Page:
CSI has collaborated with notable entities in the Tunneling & Underground Construction industry: Sizense, Enzan Koubou, and Kajima to implement AI/ML techniques to improve TBM tunneling.
1) Supervised geologic interpretation based on TBM data
This research aims to develop a supervised system for real-time interpretation of geologic conditions by connecting continuous tunnel boring machine (TBM) operation data with geologic information from sparsely distributed boreholes. The study involved multiple tunnel datasets from various locations worldwide. The Random Forest algorithm was utilized to identify patterns between geologic classes and TBM feature interactions. Feature importance measures were employed to evaluate the contribution of different features to the classification model. The findings demonstrate that the model successfully inferred geologic transitions and captured geologic features. Moreover, the results emphasize the significance of feature interactions in capturing geologic information, even when certain features have higher weights for classification.
2) Unsupervised geologic anomaly detection based on TBM operation data
This research aims to develop an unsupervised anomaly detection system for real-time inference of changing ground conditions during tunneling. The approach combines dimensionality reduction and density-based outlier detection techniques using features from an earth pressure balance tunnel boring machine (EPBM), such as cutter, thrust, and ground conditioning systems. Principal component analysis (PCA) is employed to extract ground condition information and reduce dimensionality, while the local outlier factor (LOF) measures the anomaly degree of projected data points. The study, based on data from the State Route 99 (SR99) tunnel construction in Seattle, WA, demonstrates that PCA effectively clusters EPBM data based on ground conditions, and LOF proves to be a reliable measure for detecting changes in ground conditions.
3) Exploring interactions of EPB TBM features utilizing Bayesian network structure learning
This research aims to utilize a Bayesian network (BN) and a structure learning algorithm to investigate the interactions and causal relationships among excavation features of an earth pressure balance tunnel boring machine (EPBM). The study utilized a dataset from the State Route 99 (SR99) tunnel construction in Seattle, WA. A score-based structure learning algorithm was employed to construct the BN graphs, and the influence of explicit geologic condition information on the interactions was assessed. The findings demonstrate that BN graphs have the potential to model the interactions among EPBM features in a concise and interpretable manner. The score-based algorithm successfully captured several meaningful mechanisms of feature interactions based on the data, and their dependencies may provide insights into how EPBM operators controlled the machine.
4) Real time estimation of tunneling-induced ground movement based on TBM operation data
This research aims to develop an artificial intelligence (AI) system that connects tunnel boring machine (TBM) operation data to ground monitoring data to estimate tunnelling-induced ground movements in real-time. The study utilized a dataset from the State Route 99 (SR99) highway tunnel in Seattle, USA. The AI system, based on a dynamic sequential scheme and employing Random Forest as the prediction method, successfully estimated ground movements along the tunnel chainage and accounted for changing TBM control parameters. The system fills gaps in ground movement information from discrete monitoring instruments. This research demonstrates the potential of the system as a tool for controlling TBM and reducing induced ground movements in urban tunnelling.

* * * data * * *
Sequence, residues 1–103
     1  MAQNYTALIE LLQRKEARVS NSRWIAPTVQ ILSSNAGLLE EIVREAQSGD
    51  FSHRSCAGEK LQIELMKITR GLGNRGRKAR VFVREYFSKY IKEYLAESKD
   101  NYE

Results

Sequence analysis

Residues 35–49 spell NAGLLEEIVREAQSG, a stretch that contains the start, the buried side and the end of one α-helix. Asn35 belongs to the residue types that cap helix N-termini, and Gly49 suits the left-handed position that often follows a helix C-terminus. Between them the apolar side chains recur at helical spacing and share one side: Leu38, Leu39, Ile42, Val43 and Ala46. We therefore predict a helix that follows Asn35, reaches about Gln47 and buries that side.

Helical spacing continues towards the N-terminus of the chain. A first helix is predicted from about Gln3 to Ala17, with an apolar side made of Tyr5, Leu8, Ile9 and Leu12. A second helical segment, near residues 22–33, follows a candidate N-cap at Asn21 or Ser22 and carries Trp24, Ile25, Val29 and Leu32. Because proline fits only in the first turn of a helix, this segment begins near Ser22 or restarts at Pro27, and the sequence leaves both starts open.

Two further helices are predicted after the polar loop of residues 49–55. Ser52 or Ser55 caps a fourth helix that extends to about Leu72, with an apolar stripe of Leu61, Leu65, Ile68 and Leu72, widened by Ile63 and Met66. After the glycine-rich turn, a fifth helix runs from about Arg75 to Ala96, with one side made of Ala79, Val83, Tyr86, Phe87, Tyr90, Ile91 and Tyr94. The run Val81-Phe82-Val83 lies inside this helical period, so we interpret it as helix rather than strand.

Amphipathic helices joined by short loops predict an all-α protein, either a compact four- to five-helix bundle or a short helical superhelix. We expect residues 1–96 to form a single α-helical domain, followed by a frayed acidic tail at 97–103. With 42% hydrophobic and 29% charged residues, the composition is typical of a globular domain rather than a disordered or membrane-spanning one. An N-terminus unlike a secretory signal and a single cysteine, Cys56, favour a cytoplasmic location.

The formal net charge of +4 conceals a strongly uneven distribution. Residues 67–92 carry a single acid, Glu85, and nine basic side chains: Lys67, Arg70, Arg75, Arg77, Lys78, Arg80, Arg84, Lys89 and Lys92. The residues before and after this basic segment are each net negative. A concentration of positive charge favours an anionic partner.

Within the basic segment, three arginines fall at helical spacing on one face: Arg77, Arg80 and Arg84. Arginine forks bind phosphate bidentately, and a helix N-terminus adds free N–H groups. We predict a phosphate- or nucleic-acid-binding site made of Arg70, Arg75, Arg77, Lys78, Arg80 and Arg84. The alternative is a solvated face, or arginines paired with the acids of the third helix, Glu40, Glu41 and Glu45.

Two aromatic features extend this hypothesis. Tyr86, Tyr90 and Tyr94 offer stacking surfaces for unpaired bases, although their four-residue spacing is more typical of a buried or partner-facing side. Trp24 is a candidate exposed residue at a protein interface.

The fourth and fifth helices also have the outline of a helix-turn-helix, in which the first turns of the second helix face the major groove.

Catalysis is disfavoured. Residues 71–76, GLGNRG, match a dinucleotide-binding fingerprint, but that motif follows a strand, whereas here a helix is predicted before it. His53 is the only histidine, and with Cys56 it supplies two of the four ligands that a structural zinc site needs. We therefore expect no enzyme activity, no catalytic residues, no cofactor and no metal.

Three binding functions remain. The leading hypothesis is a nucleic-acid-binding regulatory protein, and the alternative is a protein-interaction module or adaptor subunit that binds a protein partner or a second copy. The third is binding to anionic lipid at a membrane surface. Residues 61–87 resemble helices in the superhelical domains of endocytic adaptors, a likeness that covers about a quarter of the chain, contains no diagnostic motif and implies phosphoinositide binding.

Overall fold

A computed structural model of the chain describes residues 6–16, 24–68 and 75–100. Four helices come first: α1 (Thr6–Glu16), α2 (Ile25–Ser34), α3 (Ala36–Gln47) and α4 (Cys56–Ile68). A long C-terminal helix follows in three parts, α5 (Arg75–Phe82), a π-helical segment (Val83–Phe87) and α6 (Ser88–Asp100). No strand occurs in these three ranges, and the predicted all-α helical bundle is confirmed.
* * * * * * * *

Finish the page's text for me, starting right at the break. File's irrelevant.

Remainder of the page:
5) Modeling TBM steering control decisions using machine learning
This research aims to develop an artificial intelligence (AI) system for steering control decisions in tunnel boring machines (TBM) that adapt to changing trajectories and ground conditions. The study utilized a dataset from the State Route 99 (SR99) highway tunnel in Seattle, USA. The AI system, based on a multivariate Random Forest algorithm, successfully mimicked human operator decisions by assigning appropriate steering control parameters based on the current and next TBM positions. The study highlights the importance of a sequential training scheme and incremental learning to address variations in ground conditions and trajectories. The results suggest the potential for developing a self-driving TBM system using an end-to-end learning framework.
Collaborators: Sixense, Enzan Koubou, Kajima
Researchers: Dayu Apoji, Kenichi Soga (UC Berkeley), Yuji Fujita (Enzan Koubou), Zhangwei Ning (Sixense)
Domains: Lifeline Underground Infrastructure
Capabilities: Data Analytics & Machine Learning
Apoji, Dayu & Soga, Kenichi. (2023). Soil Clustering and Anomaly Detection Based on EPBM Data Using Principal Component Analysis and Local Outlier Factor. 1-11. 10.1061/9780784484982.001.
Apoji, Dayu & Ning, Zhangwei & Soga, Kenichi. (2023). Connecting EPBM Data to Ground Movement Data Using Machine Learning. 181-194. 10.1061/9780784484708.017.
Apoji, Dayu & Ning, Zhangwei & Soga, Kenichi. (2022). From Sensing to Machine Learning in Geoengineering. GEOSTRATA Magazine. 26. 44-51. 10.1061/geosek.0000453.
Apoji, Dayu & Fujita, Yuji & Soga, Kenichi. (2022). Soil Classification and Feature Importance of EPBM Data Using Random Forests. 520-528. 10.1061/9780784484029.052.
Apoji, Dayu & Fujita, Yuji & Soga, Kenichi. (2022). Exploring Interactions among EPBM Features using Bayesian Networks. 10.31224/2141.